More than $16B in CMBS loans are coming due for New York City building owners this year, a 30% increase over last year’s $12.7B in mortgage-backed loan maturities, according to Trepp.
A significant part of the increase in loan maturities is due to owners who opted for one-year loan extensions last year. However, analysts warn that lenders are in no mood to accommodate this kind of “pay me now or pay me later” wiggle room in the current financial environment, so extensions may be hard to come by.
CMBS loans coming due this year on two NYC properties made Trepp’s “watch list” of the largest office building loans in the US that are scheduled to mature in 2023—both of them on Park Avenue—375 Park Avenue ($783M) and 300 Park Avenue ($485M).
The loan on the property at 375 Park Avenue—a.k.a. the Seagram Building, owned by RFR Holding—matures in May. According to Trepp the building is 75% occupied. The loan on Tishman Speyer’s office building at 300 Park Ave., which Trepp says is 81% occupied, comes due in August.
Trepp’s watch list also notes that another mega-loan involving a building on Park Avenue—a $750M loan for The Stahl Organization’s tower at 277 Park Ave.—comes due in August 2024, which is when the building’s anchor tenant will be preparing to move into a new tower the nation’s largest bank is building as its new HQ.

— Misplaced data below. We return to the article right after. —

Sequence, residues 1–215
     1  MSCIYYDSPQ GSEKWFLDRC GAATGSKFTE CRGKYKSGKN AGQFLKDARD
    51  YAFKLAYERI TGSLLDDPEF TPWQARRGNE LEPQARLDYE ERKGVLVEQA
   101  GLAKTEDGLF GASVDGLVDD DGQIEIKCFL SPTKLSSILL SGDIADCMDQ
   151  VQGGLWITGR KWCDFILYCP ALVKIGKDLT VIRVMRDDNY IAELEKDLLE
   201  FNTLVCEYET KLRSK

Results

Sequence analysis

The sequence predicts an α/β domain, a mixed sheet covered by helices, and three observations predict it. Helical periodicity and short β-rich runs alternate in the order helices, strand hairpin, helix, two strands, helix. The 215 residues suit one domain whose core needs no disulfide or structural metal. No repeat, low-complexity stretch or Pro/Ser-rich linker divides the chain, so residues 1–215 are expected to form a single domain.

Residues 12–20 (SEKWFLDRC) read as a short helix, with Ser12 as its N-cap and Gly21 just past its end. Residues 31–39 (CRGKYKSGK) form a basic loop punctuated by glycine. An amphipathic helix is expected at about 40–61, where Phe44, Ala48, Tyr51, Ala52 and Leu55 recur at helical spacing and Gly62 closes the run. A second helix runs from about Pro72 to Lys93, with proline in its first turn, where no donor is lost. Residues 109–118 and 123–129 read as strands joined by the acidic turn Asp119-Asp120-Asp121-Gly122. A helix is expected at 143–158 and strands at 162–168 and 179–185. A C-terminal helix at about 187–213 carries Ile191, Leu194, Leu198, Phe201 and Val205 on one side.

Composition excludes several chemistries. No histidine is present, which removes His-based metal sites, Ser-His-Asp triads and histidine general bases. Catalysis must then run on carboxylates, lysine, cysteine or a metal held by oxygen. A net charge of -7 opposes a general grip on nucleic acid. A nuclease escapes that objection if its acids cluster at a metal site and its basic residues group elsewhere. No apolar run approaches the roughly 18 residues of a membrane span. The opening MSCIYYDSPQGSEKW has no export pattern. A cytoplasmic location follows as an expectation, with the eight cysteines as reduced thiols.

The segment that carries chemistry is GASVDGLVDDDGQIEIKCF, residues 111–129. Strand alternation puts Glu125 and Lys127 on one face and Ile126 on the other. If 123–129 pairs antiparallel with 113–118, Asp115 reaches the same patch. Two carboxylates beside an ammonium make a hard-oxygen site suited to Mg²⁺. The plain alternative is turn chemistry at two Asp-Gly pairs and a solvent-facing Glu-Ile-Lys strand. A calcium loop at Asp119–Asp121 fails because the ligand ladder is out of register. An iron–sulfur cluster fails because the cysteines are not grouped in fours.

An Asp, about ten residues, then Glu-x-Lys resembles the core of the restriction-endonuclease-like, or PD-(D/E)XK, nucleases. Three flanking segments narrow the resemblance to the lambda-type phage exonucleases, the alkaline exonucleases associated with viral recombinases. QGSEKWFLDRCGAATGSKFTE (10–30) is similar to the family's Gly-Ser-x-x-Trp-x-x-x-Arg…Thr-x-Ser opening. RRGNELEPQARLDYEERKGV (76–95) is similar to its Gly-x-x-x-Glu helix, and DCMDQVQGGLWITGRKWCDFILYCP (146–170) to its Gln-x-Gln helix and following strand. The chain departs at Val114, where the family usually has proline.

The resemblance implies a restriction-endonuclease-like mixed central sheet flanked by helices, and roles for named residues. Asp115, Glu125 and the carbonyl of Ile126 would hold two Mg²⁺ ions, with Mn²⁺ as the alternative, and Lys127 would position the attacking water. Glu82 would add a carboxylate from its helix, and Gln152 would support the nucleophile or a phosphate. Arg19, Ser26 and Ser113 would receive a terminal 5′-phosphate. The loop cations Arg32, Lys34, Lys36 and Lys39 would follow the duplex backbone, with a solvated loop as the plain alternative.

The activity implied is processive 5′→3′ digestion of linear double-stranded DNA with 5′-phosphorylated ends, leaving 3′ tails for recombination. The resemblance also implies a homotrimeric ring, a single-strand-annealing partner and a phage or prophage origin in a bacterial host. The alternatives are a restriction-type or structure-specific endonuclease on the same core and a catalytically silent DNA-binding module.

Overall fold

Last week, Trepp released a list of 21 properties across the US that have large CMBS loans coming due in the next two years. Trepp said that office properties with large loans “have replaced shopping malls at the top of the list of investors’ worries.”
Trepp projected that office building owners facing loan maturities this year will struggle to refinance, office values will continue to fall and the loan delinquency rate for office assets “can only go up.”
“No one want to lend to office owners unless the rent roll is pristine with long leases,” Trepp’s CMBS watch list report said.
According to a Bloomberg analysis, an estimated $175B in CMBS loans are already in distress.
An exponential increase in the cost of interest-rate caps—insurance that CRE borrowers with floating rates purchase to hedge against rate increases—may soon spawn a wave of property sales in an increasingly distressed market.
In 2019, the Mortgage Bankers Association estimated that up to one-third of all commercial property debt was floating rate, with most lenders requiring that borrowers hedge against an increase in the borrowing costs.
When interest rates were low, derivative contracts offering hedges on multimillion-dollar mortgages could be purchased for as low as $10K. Now—as the lion’s share of these insurance contracts are expiring—the cost of rate-cap hedges is as much as 10 times higher that it was a year ago, according to a report in the Wall Street Journal.
Few buyers who opted for floating-rate loans when borrowing costs were low anticipated they were going to have to rebuy a cap at the same time interest rates are peaking, the report said.